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Cancer Lett. 2015 Apr 10;359(2):307-13. doi: 10.1016/j.canlet.2015.01.036. Epub 2015 Jan 29.

Toxoplasma gondii infection in cancer patients: prevalence, risk factors, genotypes and association with clinical diagnosis.

Author information

1
State Key Laboratory of Veterinary Etiological Biology, Key Laboratory of Veterinary Parasitology of Gansu Province, Lanzhou Veterinary Research Institute, Chinese Academy of Agricultural Sciences, Lanzhou 730046, Gansu, China; College of Animal Science and Technology, Jilin Agricultural University, Changchun 130118, Jilin, China.
2
State Key Laboratory of Veterinary Etiological Biology, Key Laboratory of Veterinary Parasitology of Gansu Province, Lanzhou Veterinary Research Institute, Chinese Academy of Agricultural Sciences, Lanzhou 730046, Gansu, China.
3
Jilin Entry-Exit Inspection and Quarantine Bureau, Changchun 130000, Jilin, China.
4
Weihaiwei People's Hospital, Weihai 264200, Shandong, China.
5
Affiliated Hospital of Medical College, Qingdao University, Qingdao 266000, Shandong, China.
6
Wendeng Municipal Hospital, Weihai 264200, Shandong, China.
7
College of Animal Science and Technology, Jilin Agricultural University, Changchun 130118, Jilin, China.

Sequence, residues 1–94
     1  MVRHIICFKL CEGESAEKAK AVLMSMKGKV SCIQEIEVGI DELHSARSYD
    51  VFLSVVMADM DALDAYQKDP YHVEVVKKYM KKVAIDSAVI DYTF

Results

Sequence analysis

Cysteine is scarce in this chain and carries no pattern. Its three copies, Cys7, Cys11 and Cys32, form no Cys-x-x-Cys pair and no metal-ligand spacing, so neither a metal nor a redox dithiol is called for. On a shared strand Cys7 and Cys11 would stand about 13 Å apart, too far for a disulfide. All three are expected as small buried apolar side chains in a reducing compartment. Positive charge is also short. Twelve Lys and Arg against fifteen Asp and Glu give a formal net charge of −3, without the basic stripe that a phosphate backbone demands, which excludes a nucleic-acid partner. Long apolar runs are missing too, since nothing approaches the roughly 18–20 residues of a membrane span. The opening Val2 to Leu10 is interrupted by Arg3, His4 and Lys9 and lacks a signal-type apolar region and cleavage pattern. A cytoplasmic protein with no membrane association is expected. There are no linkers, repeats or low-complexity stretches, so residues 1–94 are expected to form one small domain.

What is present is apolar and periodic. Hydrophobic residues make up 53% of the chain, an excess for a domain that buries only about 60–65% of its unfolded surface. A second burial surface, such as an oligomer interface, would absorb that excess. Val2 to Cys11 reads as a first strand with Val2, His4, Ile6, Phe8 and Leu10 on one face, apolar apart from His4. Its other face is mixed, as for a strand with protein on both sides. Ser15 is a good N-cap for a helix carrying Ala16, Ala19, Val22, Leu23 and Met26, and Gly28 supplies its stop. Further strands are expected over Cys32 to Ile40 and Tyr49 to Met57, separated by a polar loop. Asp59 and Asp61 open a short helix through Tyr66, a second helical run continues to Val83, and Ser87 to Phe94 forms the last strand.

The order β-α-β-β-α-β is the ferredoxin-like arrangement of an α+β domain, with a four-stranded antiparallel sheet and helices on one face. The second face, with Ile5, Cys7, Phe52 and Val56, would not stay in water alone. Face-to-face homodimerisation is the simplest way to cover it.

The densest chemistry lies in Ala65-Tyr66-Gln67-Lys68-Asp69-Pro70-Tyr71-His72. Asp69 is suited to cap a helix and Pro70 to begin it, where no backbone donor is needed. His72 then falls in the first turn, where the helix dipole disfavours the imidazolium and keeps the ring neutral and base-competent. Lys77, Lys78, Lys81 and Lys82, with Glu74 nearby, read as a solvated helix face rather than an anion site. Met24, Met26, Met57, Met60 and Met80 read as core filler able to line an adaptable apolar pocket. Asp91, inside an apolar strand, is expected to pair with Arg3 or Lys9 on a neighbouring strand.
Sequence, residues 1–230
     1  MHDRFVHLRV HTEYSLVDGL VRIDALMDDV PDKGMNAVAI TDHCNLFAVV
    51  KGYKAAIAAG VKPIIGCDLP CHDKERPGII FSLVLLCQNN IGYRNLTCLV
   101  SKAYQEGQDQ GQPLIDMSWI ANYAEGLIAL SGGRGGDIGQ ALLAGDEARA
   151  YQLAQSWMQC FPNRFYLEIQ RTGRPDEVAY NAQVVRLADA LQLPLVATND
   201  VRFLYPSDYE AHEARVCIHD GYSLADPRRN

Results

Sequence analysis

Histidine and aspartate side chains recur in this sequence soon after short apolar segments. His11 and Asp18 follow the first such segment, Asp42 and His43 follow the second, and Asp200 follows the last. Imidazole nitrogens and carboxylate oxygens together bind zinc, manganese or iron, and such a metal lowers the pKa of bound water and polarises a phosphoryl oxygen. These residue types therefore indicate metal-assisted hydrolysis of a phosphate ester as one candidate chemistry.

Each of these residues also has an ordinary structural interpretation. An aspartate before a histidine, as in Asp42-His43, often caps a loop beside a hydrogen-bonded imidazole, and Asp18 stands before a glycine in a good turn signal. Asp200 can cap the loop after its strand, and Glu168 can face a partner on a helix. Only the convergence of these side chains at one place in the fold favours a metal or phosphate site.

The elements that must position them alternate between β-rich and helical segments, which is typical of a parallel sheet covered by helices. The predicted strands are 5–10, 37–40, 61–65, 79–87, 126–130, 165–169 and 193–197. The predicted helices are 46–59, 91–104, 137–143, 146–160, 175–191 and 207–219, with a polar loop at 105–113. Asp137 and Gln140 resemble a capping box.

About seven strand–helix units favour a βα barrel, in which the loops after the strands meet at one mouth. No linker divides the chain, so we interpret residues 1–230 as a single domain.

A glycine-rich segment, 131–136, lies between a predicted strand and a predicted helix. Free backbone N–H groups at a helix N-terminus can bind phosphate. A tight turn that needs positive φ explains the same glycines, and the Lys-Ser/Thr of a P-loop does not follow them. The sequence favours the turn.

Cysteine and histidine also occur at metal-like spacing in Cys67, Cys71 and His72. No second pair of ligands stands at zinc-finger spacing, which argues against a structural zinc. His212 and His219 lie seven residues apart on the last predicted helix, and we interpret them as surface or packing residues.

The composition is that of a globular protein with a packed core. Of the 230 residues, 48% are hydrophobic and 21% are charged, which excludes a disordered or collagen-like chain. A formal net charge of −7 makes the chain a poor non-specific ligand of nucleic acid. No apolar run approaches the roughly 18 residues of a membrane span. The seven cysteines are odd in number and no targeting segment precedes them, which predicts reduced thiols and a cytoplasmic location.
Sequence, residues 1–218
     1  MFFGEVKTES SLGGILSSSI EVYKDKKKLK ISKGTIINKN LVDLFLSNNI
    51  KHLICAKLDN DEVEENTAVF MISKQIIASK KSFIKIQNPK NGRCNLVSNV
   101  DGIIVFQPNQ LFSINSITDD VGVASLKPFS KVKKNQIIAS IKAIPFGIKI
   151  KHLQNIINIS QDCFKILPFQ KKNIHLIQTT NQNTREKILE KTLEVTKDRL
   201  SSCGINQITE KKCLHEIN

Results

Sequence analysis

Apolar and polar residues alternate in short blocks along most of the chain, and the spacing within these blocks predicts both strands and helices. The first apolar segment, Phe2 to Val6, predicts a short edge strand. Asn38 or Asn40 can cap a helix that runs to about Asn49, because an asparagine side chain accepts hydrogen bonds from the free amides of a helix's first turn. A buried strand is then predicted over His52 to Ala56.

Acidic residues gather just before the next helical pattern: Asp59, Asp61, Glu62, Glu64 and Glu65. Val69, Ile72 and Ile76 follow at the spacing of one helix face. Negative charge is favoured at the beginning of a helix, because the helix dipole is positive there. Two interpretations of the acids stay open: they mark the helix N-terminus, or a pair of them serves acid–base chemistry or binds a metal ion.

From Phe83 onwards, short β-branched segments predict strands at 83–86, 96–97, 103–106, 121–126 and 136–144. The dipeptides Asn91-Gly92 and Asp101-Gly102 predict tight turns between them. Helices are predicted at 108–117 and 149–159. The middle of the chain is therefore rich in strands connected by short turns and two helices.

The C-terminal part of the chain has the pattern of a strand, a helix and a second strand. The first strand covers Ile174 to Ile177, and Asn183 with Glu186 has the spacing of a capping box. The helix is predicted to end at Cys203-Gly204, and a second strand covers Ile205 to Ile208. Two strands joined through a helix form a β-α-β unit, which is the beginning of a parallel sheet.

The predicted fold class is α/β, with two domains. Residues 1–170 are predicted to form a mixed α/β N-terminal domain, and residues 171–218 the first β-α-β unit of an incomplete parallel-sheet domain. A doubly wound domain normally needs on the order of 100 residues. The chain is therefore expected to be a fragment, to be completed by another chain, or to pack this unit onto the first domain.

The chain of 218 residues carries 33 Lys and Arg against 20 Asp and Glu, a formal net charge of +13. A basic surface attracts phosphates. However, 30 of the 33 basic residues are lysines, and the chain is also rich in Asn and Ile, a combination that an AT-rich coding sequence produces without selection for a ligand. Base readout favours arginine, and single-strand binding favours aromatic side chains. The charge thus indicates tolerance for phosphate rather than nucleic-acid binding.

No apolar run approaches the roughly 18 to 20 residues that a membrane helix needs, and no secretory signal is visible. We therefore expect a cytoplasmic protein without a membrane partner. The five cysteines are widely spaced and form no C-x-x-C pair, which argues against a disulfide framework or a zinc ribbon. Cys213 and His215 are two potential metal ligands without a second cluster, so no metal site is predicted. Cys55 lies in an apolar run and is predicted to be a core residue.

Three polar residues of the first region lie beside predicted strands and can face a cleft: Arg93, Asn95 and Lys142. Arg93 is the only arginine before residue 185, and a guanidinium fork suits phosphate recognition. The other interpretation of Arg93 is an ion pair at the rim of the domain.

8
State Key Laboratory of Veterinary Etiological Biology, Key Laboratory of Veterinary Parasitology of Gansu Province, Lanzhou Veterinary Research Institute, Chinese Academy of Agricultural Sciences, Lanzhou 730046, Gansu, China; College of Animal Science and Technology, Jilin Agricultural University, Changchun 130118, Jilin, China. Electronic address: xingquanzhu1@hotmail.com.

Abstract

Prevalence of human infection with Toxoplasma gondii has been increasing in China due to the increasing number of cats. However, little is known of the epidemiology of T. gondii infection in different cancer patient groups. Thus, a case-control study of 900 cancer patients and 900 controls was conducted to detect anti-T. gondii antibodies by ELISA in China. Genomic DNA was extracted from the diseased tissues of 510 patients and the T. gondii B1 gene was amplified using a semi-nested PCR. DNA samples giving positive B1 amplification were then genetically characterized using multi-locus PCR-RFLP. The prevalence of anti-T. gondii IgG in cancer patients (35.56%) was significantly higher than that in controls (17.44%). The highest T. gondii seroprevalence was detected in lung cancer patients (60.94%), followed by cervical cancer patients (50%), brain cancer patients (42.31%) and endometrial cancer patients (41.67%). Exposure with soil and consumption of raw/undercooked meat were significantly associated with T. gondii infection in cancer patients. Three T. gondii genotypes (ToxoDB#9, ToxoDB#10 and Type I variant) were identified. In conclusion, T. gondii infection is a severe problem in cancer patients and it is imperative that improved integrated measures should be conducted to prevent and control T. gondii infection in cancer patients.

KEYWORDS:

Cancer patients; Genotype; Prevalence; Risk factors; Toxoplasma gondii

PMID:
25641340
DOI:
10.1016/j.canlet.2015.01.036
[Indexed for MEDLINE]

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